Yeah. I think it would be interesting to put Rayne in a contemporary time period. What would the  character do now? She cannot walk around the city in that costume. But this would be interesting, to see how she fits in to society. I think she would be working at the FBI or Homeland Security. It would make sense to have her live underground as a spy or something. We thought about what would happen if she had a normal family, and she is only BloodRayne at night. But I think that does not reflect her character. She is like a lone rider. We will put her in a different type of coat though. And of course, it would have to be shot in winter so no one would question why she is running around San Diego in a coat. Plus, of course, we always shoot in winter. BloodRayne needs that winter look. It also fits well with vampires in general.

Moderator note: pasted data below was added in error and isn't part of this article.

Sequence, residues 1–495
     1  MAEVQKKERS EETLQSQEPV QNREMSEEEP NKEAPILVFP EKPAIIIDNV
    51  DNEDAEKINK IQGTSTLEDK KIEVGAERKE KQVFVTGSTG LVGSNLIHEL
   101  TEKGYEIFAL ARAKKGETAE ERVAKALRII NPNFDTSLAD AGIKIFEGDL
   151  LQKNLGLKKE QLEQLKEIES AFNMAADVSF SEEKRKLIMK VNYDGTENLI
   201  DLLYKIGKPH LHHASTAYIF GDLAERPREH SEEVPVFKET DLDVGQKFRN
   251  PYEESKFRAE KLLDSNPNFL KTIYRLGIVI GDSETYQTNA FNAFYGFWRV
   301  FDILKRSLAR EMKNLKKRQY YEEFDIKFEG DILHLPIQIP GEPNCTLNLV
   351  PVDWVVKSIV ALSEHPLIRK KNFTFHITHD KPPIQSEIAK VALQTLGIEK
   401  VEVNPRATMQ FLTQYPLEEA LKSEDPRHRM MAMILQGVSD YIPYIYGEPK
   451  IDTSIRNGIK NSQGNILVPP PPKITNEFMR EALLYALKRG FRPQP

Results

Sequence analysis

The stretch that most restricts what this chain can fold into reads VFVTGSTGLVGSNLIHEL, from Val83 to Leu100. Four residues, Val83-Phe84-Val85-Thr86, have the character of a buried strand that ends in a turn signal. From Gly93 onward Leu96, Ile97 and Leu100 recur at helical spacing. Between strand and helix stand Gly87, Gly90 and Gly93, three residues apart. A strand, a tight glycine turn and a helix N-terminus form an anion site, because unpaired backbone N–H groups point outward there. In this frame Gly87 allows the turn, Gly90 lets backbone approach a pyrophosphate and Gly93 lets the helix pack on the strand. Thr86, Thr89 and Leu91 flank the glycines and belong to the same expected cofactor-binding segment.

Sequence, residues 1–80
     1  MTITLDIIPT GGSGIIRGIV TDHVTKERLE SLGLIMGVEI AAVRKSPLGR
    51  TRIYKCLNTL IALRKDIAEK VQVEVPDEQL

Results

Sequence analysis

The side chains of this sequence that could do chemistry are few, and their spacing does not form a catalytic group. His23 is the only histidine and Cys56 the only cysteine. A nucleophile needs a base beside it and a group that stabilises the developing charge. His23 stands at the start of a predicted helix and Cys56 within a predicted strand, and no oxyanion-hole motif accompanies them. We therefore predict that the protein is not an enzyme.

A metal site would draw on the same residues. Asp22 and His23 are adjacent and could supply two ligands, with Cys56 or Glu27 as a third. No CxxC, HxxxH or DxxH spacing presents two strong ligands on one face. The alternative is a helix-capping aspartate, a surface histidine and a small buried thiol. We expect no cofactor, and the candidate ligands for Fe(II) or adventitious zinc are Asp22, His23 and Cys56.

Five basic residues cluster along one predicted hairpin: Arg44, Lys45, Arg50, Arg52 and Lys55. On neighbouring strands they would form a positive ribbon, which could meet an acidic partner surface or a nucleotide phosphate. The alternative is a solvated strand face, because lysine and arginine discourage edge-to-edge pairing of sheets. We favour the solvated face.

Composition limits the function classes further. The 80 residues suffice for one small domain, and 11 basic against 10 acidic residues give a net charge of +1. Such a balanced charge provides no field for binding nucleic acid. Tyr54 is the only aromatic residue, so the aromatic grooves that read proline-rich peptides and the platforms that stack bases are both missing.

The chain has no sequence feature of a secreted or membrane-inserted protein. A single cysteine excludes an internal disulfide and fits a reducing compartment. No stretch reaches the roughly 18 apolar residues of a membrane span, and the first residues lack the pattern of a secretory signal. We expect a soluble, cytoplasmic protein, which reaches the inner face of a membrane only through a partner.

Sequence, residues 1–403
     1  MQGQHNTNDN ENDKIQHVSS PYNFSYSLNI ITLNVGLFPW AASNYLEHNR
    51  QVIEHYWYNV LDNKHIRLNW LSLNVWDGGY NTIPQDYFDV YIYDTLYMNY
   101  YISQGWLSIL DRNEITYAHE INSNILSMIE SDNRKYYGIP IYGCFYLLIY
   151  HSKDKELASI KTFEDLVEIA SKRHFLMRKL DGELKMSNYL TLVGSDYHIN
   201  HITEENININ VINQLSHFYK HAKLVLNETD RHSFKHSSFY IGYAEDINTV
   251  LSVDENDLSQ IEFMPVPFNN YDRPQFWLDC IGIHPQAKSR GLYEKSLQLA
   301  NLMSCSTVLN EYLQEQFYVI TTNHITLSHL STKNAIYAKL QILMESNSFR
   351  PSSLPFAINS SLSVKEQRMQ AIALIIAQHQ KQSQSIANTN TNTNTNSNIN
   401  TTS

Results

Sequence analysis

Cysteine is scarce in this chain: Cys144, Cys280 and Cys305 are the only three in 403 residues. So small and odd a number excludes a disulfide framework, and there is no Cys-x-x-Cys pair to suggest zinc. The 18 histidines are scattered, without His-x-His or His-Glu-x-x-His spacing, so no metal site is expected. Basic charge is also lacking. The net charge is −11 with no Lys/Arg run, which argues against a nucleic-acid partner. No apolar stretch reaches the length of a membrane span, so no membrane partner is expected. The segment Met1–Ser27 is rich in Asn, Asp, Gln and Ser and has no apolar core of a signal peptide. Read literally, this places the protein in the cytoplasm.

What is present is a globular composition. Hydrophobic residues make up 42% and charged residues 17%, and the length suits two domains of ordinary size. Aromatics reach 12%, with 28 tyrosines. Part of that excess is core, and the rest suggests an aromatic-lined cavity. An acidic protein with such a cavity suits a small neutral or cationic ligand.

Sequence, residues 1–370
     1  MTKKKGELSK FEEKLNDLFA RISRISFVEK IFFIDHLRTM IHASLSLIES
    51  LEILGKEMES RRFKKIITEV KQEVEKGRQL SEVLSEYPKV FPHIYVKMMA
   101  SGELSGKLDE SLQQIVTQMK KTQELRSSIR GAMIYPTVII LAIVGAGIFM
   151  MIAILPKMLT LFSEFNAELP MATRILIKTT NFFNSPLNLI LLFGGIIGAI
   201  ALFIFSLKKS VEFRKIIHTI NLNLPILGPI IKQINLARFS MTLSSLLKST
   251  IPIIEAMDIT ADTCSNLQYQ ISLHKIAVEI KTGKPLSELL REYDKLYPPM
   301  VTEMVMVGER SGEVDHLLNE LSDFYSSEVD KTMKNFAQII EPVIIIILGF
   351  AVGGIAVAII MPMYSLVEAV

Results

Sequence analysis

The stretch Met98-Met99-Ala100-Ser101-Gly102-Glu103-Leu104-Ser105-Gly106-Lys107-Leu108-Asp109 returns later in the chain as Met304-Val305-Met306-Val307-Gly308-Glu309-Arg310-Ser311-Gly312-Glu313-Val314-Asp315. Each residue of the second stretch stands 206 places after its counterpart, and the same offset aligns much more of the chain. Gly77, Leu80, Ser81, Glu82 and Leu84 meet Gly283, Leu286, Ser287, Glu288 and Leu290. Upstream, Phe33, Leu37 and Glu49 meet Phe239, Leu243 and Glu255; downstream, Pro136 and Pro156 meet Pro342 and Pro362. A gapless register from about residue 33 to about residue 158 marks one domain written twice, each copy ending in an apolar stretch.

Would you film it in Germany?

I don't know. We are developing a few ideas right now, working on a few scripts. If BloodRayne does well on DVD, maybe we can do it next winter. I would like to do another. No BloodRayne ever repeats [an era]. It's fresh. 

You are considered by many critics to be the worst director of all time. Do you ever take these criticisms to heart? Over the years, has it effected the way you direct?